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Literature in Spanish: Why It is a Must for All Readers Posted by on Nov 18, 2019 in Literature, Spanish Culture

It would be easy to suggest to any person with a knack for literature to read any novel coming from the Spanish-speaking world, considering just how many authors in that language have been awarded internationally—11 out of the 116 current Nobel laureates in that category, for instance.

However, there are many other reasons why literature written in Spanish is essential for every reader, from the lyric poetry in the Middle Ages to the philosophical short stories of the 20th century, all of them the most beautiful literary works ever created in any language.

Image taken from Pixabay

A long-standing history: Literature written in Spanish spans over five centuries of rich, complex stories and fictional accounts that have been both criticizing and describing in a brand-new light the changing realities of the Western world and, later, the Americas from the seventeenth century onwards.

Miguel de Cervantes’s The Ingenious Gentleman Don Quixote of La Mancha (1605/1615) is just one of the many literary treasures of centuries past—though considered the best of them all. The anonymous picaresque novel El Lazarillo de Tormes (c. 1554), José Hernández’s epic poem Martín Fierro (1872), and Federico García Lorca’s Romancero gitano (1928) serve as powerful, intimate testimonies of their times as well.

A combative perspective: Literary works coming either from Spain or Latin America gives a major place to the social and political environment of their time, simultaneously fusing it with the peculiarities of their natural environment. The result of it all is a belligerent writing style that reveals the harshness of Western society, fights the injustices of colonialism, focuses on the struggle of Indigenous peoples, and shows the unending battle between civilization and barbarism.

As examples, there are El Inca Garcilaso de la Vega’s (1539-1616) writings, Cuban José Martí’s (1853-1895) and Nicaraguan Rubén Darío’s (1867-1916) works, and Venezuelan Rómulo Gallegos’s Doña Bárbara (1929).

A solid tradition of women writers: Women have been playing a predominant role in literature written in Spanish since before the 20th century. Starting with Sor Juana Inés de la Cruz’s (1648-1695) poetry and essays, women have left an enduring trace in every decade since: Emilia Pardo Bazán (1851-1921), Delmira Agustini (1886-1914), Teresa de la Parra (1889-1936), Nobel-winning Gabriela Mistral (1889-1957), Elena Poniatowska (1932-) Isabel Allende (1942-), Carme Riera (1948-), Rosa Montero (1951-), and countless others.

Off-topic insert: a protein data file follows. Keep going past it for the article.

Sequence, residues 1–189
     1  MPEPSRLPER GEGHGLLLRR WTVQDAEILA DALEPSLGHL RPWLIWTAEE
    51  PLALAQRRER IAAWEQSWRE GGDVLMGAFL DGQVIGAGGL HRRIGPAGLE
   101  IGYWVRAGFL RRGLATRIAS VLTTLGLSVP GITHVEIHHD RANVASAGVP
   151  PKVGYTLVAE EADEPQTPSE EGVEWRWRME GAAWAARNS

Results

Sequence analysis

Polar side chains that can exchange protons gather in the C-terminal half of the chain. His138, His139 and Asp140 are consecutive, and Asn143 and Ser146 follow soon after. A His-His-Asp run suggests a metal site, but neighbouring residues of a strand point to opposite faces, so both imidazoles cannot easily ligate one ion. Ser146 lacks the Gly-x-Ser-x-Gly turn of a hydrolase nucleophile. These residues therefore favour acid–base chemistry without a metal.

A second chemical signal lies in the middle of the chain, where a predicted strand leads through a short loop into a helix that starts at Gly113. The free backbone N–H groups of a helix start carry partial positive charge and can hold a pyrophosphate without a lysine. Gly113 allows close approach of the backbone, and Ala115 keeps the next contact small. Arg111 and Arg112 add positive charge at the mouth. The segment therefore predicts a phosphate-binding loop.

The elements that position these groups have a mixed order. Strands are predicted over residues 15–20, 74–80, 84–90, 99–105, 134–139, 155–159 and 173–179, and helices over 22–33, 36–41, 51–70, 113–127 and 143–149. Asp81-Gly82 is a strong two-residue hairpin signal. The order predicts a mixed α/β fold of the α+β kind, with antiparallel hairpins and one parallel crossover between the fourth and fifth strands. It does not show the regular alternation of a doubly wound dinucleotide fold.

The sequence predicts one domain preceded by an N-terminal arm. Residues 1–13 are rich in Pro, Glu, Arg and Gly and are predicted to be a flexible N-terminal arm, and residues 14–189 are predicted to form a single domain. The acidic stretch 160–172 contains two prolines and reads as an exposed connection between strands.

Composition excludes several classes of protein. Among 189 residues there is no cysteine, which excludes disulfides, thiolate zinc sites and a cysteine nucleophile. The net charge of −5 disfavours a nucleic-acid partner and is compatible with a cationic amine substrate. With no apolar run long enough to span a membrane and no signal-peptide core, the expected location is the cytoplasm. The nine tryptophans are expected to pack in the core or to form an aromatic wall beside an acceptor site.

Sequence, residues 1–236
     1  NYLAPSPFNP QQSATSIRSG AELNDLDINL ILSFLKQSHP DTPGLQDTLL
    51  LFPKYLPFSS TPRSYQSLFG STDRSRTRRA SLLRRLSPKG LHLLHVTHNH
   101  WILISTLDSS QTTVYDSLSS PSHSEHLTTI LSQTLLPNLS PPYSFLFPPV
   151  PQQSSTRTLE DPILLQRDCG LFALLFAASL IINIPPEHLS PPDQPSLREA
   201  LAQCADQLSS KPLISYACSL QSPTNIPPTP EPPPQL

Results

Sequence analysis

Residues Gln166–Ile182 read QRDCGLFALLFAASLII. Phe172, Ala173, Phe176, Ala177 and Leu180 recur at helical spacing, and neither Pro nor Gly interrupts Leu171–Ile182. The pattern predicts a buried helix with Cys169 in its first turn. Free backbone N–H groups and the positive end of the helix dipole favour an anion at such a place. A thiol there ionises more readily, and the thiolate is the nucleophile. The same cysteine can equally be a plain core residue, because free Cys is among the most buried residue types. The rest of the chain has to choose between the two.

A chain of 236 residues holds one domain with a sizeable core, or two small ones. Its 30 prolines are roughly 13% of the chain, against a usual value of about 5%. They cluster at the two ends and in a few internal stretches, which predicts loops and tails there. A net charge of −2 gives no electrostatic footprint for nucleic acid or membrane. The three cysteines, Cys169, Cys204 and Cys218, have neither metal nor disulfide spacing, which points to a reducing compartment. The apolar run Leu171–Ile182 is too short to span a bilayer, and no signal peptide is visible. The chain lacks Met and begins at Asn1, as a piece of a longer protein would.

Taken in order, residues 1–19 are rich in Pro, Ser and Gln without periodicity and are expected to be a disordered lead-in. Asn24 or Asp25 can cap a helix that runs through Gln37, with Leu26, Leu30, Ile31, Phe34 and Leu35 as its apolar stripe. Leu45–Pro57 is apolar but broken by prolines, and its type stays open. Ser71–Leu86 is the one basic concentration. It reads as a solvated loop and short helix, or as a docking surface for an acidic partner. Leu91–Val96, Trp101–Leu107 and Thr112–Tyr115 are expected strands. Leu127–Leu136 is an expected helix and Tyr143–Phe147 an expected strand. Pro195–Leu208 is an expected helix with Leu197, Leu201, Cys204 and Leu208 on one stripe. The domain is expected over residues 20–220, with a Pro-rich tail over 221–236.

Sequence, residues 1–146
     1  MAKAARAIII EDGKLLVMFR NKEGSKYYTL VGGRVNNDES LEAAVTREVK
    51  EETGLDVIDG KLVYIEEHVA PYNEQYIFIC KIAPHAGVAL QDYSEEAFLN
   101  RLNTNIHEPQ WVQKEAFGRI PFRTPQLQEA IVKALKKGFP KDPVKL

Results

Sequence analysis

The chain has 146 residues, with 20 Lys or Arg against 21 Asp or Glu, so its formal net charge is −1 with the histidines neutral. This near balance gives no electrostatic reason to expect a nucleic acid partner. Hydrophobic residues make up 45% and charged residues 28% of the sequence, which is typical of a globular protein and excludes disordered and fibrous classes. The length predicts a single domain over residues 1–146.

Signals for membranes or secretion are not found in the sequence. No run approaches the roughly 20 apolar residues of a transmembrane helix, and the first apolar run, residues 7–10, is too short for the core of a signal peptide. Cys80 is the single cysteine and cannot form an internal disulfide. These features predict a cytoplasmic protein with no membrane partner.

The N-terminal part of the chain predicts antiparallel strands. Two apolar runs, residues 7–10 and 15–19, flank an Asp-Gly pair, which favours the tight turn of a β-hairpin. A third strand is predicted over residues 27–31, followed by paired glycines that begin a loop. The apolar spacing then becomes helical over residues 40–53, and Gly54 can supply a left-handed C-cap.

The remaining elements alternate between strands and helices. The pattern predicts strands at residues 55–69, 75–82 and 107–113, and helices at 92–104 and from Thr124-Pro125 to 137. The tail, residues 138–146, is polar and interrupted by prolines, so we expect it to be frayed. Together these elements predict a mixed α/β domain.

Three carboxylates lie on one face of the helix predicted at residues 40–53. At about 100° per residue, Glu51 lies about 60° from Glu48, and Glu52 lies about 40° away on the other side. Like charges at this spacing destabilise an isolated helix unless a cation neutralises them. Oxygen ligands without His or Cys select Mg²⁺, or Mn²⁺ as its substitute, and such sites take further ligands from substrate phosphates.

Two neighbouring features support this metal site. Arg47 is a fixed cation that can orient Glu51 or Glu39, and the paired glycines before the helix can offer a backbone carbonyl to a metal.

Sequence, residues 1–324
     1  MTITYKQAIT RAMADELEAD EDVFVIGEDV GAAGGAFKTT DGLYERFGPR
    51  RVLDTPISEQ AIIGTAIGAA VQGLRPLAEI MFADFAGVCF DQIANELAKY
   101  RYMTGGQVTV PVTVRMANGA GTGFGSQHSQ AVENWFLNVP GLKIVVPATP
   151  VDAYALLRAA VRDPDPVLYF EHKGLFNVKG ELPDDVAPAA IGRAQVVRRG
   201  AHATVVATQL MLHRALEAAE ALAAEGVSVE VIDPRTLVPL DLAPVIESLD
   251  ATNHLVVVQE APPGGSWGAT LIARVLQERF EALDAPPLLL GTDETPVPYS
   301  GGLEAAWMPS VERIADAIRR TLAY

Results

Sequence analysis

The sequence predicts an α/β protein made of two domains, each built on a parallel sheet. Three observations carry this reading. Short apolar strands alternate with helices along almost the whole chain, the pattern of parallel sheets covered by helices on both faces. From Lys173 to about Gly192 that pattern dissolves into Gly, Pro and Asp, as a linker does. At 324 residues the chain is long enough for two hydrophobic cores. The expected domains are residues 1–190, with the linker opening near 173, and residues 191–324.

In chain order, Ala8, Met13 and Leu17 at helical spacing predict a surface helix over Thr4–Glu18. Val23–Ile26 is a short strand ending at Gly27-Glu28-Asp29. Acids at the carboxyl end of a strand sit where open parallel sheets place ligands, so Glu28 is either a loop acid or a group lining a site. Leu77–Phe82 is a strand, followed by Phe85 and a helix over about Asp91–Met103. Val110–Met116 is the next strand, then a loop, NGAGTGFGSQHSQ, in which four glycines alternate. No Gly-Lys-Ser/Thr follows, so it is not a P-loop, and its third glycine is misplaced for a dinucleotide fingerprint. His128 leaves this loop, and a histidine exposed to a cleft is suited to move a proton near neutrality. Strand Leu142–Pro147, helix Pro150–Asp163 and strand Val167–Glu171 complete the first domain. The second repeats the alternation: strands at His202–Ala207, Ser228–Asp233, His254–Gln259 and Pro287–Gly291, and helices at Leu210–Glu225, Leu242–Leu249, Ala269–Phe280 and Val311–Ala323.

A unique literary movement: Apart from literary movements that appeared everywhere else—Romanticism, Naturalism, Realism, etc.—, two of them are exclusive to literature in Spanish: modernismo and magical realism, the latter of which brought the remarkable works of the Boom—Julio Cortázar, Gabriel García Márquez, Miguel Ángel Asturias, and Augusto Roa Bastos. Afterwards, Latin-American and Spanish writers have been venturing outside traditional narrative structures, offering an experimental, often intense narrative style that is even spiced with some humor.

Image taken from Pixabay

Of course, well before the Boom itself there was Spanish Gaspar Melchor de Jovellanos’s El delincuente honrado (1773); Colombian Jorge Isaac’s María (1867), which is considered one of the most important novels of 19th-century Spanish American literature; Azul (1888), the key work of Modernism by Nicaraguan Rubén Darío (1867-1916); the powerful poetry of Peruvian César Vallejo (1892-1938); and the amazing fictions from Argentinean Jorge Luis Borges (1899-1986).

So, there should be no excuse to pick among the many literary names from yesterday and today to plunge yourself into a universe full of the most stunning prose and verse ever written.

Share in the comments below your favorite Spanish-speaking author or work created in Spanish.

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About the Author: Anais

Hello, Spanish learners! My name's Anais. I'm a Venezuelan freelance translator living in Argentina. I'm a culture and language freak and such a big foodie! I'm thrilled to share my language and culture with all of you and, why not?, some recipes of our traditional delights, too. Stay tuned, guys! :-)


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